The first music that I heard through these
JA80 MkIIs was a Beethoven string quartet,
from the Paris recordings by the Hungarian
Quartet [Les Quatuors À Cordes; EMI
France, CZS 7 67236 2]. These 1953 mono
recordings naturally lack the theoretical
dynamic range and extended frequency
response of a modern studio offering, and
can sound rather boxed-in. But with the
JA80 MkII there was a great strength and
realism to the middle range string sounds.
The flow of the music was simply organic.
Back in the early 1990s, when I told
Ashley James of AVI that I was trying to
collect the original HMV LPs, he very kindly
sent me the 7CD box set as a gift. I’d been
enjoying this ever since, but listening again
via the JA80 MkII made me appreciate
anew both the musical power of the
original recordings and the integrity of
the CD transfers. They sounded, dare I say
it, more analogue than ever, but I found
myself forgetting about such distinctions as
I was carried away by the performances.
Then I put on some music that needs to
be turned up loud, ‘Blues For Klook’ from
Sang Melé by French Hammond organist
Eddy Louiss [Nocturne NTCD101]. This
late-’80s hi-fi dem favourite was introduced
to UK ears by Ricardo Franassovici of
Absolute Sounds, long-term distributor
of Jadis! Electric keyboards can sound
cold and impersonal, but in this heartfelt
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Jadis JA80 mkII
LEFT: Pairs
of KT150s
exposed with the cage
removed. One RCA input
and bi-wire speaker connections
are fitted (impedance set internally)
performance by Louiss there’s never
any danger of that. And the JA80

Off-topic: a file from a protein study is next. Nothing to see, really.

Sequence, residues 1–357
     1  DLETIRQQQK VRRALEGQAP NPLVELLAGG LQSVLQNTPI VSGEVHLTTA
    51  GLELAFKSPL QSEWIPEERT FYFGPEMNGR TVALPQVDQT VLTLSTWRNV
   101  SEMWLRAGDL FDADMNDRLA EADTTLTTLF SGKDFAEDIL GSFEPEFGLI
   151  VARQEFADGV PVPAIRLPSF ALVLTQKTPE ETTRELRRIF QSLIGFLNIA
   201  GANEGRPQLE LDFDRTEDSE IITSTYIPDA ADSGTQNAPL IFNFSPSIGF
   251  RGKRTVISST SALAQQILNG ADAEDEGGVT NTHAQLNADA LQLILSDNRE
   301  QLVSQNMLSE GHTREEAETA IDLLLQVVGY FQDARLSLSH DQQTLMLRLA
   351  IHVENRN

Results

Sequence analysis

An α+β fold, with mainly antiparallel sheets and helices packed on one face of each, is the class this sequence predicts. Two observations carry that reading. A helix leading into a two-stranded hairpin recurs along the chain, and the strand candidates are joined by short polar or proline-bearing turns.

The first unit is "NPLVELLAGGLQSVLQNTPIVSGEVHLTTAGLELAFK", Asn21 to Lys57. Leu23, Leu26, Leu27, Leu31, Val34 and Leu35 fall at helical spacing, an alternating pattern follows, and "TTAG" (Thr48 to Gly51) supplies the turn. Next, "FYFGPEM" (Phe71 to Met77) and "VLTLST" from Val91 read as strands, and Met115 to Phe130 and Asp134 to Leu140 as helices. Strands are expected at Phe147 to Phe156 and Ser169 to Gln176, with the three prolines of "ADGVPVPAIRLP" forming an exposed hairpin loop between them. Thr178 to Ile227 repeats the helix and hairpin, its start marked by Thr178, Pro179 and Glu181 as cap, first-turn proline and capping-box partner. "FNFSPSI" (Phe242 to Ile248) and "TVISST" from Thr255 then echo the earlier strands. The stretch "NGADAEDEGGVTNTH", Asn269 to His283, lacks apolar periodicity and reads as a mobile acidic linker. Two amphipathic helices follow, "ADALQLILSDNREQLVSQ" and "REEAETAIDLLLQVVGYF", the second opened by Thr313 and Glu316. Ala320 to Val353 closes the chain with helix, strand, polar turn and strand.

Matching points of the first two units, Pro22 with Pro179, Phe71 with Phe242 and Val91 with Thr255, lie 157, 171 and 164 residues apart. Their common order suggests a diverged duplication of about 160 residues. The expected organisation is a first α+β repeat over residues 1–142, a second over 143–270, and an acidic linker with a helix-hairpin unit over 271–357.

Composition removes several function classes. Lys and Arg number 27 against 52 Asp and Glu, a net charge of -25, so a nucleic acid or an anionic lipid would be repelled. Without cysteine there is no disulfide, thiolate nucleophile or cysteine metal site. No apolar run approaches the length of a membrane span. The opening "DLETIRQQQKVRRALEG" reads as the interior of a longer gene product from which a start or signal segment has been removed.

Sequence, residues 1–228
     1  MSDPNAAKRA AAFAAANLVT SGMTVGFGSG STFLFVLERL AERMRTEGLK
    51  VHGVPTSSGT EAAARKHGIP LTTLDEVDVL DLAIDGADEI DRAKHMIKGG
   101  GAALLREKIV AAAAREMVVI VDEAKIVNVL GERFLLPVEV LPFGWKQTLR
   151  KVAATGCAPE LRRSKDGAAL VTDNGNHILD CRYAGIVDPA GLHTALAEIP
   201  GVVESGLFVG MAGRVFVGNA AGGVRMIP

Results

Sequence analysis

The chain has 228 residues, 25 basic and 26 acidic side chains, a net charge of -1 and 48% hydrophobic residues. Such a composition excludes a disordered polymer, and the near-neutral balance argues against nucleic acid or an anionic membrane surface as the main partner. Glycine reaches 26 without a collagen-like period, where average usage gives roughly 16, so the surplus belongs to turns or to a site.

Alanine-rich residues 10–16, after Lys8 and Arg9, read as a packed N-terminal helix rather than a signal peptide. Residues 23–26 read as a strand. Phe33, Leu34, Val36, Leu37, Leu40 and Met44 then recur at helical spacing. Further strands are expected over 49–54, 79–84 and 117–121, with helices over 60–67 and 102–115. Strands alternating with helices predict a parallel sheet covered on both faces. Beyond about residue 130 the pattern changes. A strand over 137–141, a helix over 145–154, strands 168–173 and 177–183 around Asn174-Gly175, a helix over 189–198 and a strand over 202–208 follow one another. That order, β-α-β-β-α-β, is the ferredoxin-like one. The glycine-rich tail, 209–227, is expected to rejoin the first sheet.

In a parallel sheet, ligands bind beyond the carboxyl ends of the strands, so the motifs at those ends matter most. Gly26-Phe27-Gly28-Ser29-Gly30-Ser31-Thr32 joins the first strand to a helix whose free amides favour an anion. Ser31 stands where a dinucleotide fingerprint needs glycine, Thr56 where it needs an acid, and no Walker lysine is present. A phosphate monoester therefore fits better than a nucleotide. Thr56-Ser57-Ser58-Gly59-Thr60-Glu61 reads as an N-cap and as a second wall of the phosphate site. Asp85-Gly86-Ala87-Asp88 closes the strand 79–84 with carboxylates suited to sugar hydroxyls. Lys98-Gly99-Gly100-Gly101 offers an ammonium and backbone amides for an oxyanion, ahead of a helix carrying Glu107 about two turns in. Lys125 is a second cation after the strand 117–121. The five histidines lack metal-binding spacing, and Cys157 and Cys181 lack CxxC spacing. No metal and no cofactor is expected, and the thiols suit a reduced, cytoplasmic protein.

MkII really brought out the passion
in the playing, the poignant lyrical
feel of the swooping sounds Louiss
employs in this elegiac minor-key
blues. At the famous moment when
a deep bass part starts, the JA80
MkII didn’t disappoint, because
the bass sound was full-bodied and
dramatic, albeit – unsurprisingly –
without the gut-wrenching slam you
could get from a big solid-state amp.
palpable spaces
In fact, with synthesiser-based music
generally, the Jadis seemed able to
soften and humanise the electronica
in a very appealing way. With the
title track from Simple Minds’ Cry
[Eagle EAGSACD196], the JA80 MkII
drew you in to the vortex of synth
sounds that seem to swirl in three
dimensions as the track builds to
a climax. Perhaps you would not
choose the JA80 MkII for this music
if your main aim was to bring out
bottom end power, but with this
amplifier the Scottish superband’s
rhythms were hypnotic nonetheless.
On classic rock tracks, the JA80
MkII could provide a well rounded,
even slightly softened quality that
could welcome you in to the music.
Putting on Blood On The Tracks
[Columbia 512350 6], those rhythm
guitars in ‘Tangled Up In Blue’ were
insistent but not remorselessly
aggressive, while ‘Simple Twist Of
Fate’ was spacious, relaxed and
poignant. That’s not to say the
sound was lacking in insight or detail
though, as the JA80 MkII clearly
revealed the little artifices of studio
reverb that give Dylan’s vocal a lift
at the ends of lines.
If you feel that female vocals
provide the acid test of any
component or system, you might
want to know that the JA80 MkII
excelled in this department. I put
on an old favourite: Rosa Passos
with her 2008 album Rosa [Telarc
CD-83646]. Here you have just
voice and guitar, as the singer
accompanies herself in a very welljudged studio acoustic, and the JA80
MkII made the most of it, that lovely
youthful-yet-worldly voice presented